What Alcohol Does to Your Breast Cancer Risk
Medical experts believe that drinking alcoholic beverages increases a woman's risk for breast cancer because alcohol raises levels of estrogen and other hormones associated with certain types of the disease. Alcohol may also increase a woman's risk for breast cancer by damaging cellular DNA.
Women who have three alcoholic drinks a week are 15 percent more likely to get breast cancer than women who don't drink at all, according to Breastcancer.org. Research also suggests that the risk goes up by 10 percent for each additional drink a woman has each day on a regular basis.
Women who have three alcoholic drinks a week are 15 percent more likely to get breast cancer than women who don't drink at all.
It's important to remember that this increased risk doesn't occur only in women who are heavy drinkers. The American Cancer Society reports that even if a woman drinks only small amounts of alcohol, she will be more likely to develop breast cancer in her lifetime. There is strong evidence for a dose-response relationship—the more you drink, the higher the risk of breast cancer—that starts with three to six drinks per week. For this reason alone, avoiding or cutting back on alcohol may be an effective way to lower breast cancer risk in women.
Alcohol & breast cancer risk
Alcohol can increase a person's risk for cancer in several different ways, depending on the type of cancer. In addition to breast cancer, alcohol consumption can also increase the risk for cancer of the mouth, throat, larynx, esophagus, liver, colon and rectum.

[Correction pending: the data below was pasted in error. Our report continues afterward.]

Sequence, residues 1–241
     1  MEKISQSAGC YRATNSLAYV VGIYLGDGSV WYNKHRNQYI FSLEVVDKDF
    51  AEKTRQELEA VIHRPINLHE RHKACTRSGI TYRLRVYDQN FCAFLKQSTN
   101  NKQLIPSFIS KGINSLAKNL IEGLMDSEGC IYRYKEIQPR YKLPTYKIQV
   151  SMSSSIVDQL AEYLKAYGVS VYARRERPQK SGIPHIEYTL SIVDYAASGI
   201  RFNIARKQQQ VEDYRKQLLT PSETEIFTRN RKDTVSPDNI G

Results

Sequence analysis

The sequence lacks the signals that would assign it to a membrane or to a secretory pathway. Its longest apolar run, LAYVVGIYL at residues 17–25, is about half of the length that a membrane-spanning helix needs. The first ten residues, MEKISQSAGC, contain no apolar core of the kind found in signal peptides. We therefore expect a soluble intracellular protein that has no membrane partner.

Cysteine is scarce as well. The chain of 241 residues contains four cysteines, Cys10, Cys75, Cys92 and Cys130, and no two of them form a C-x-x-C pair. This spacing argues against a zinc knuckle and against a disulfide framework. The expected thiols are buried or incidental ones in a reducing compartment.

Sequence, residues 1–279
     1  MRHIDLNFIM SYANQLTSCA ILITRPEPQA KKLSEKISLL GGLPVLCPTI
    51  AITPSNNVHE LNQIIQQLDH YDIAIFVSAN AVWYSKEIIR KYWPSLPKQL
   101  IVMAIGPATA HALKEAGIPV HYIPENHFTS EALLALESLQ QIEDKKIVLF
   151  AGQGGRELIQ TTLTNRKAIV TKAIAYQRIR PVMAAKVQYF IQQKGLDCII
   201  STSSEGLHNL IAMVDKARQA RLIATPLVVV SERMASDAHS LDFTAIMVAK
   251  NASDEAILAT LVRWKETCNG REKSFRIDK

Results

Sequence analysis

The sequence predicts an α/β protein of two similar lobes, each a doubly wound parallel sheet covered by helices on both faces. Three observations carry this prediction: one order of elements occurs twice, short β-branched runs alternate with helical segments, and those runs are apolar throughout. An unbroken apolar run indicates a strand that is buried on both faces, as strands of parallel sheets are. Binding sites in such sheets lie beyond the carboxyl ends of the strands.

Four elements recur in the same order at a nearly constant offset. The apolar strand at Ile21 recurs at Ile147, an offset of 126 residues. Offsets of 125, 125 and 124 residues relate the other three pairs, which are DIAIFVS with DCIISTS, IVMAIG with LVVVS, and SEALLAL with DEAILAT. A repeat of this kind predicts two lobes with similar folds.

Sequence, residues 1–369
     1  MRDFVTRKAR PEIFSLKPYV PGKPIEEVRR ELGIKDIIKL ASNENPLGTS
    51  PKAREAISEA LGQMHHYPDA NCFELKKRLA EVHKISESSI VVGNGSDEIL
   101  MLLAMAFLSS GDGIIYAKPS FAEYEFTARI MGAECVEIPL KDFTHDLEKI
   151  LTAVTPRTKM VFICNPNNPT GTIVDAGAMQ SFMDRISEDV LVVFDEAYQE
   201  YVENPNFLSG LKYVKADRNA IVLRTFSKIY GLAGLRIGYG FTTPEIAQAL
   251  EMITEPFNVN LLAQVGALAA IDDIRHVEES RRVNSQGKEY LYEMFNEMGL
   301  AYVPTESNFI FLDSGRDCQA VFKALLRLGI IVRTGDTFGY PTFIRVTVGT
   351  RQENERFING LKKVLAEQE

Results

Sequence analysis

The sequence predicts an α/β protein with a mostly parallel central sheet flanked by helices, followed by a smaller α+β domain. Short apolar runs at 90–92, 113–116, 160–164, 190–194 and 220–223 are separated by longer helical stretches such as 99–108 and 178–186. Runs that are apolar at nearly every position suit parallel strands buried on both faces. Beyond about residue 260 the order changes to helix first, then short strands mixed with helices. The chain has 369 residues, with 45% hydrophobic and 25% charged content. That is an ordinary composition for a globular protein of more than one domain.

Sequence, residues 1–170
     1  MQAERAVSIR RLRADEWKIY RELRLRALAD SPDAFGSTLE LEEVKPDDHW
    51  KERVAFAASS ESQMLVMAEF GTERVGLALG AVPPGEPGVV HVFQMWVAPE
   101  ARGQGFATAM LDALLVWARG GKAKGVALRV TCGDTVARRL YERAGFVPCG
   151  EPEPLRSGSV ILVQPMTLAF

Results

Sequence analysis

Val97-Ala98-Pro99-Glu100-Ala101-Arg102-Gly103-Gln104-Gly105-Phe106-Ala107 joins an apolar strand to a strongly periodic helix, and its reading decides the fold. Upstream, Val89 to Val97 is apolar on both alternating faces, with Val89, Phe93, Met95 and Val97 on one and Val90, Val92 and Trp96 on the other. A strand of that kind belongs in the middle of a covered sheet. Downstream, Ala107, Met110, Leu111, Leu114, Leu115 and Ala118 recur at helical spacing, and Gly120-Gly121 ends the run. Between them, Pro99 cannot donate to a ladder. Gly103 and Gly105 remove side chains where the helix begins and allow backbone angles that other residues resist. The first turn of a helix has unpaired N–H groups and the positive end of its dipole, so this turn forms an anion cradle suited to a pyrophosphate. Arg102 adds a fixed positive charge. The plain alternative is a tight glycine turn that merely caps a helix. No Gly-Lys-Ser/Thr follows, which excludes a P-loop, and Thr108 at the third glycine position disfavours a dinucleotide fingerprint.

Alcohol increases breast cancer risk in several ways, including:
Lack of nutrient absorption
Experts believe alcohol may increase breast cancer risk partly because it can make it more difficult for the body to absorb nutrients. One of these nutrients is folate, a vitamin needed to keep cells in the body healthy. Low folate levels can increase the risk of not only breast cancer but colorectal cancer, as well. There is evidence that folic acid intake in the form of a daily multivitamin may lower this risk. However, in the United States, so many foods are fortified with folate that the benefit is likely greater in other countries.
Alcohol in the body can trigger higher levels of estrogen, a hormone that plays an essential role in the growth and development of breast tissue. When estrogen levels get too high, a woman faces a higher risk of developing breast cancer.
Increased body weight
Alcohol is known to be full of calories, which can lead to weight gain in some people. Drinking alcohol may also lead to more late-night eating and snacking. Individuals who are overweight or obese are at greater risk of many types of cancer, including breast cancer.
These are just some of the ways that drinking alcohol can increase the chance of breast cancer. However, it's important to note the medical community believes there are likely many other as-yet-unknown ways that alcohol could contribute to higher risk.
Consider the risks
It's true that merely having an increased risk for breast cancer does not guarantee you will ultimately get it. However, cutting back on or avoiding alcohol altogether could be an effective way to lower your cancer risk and maintain overall health.
The American Cancer Society states that while it's best to not drink at all, women who choose to drink should stick to no more than one drink a day, while men should limit themselves to a maximum of two per day.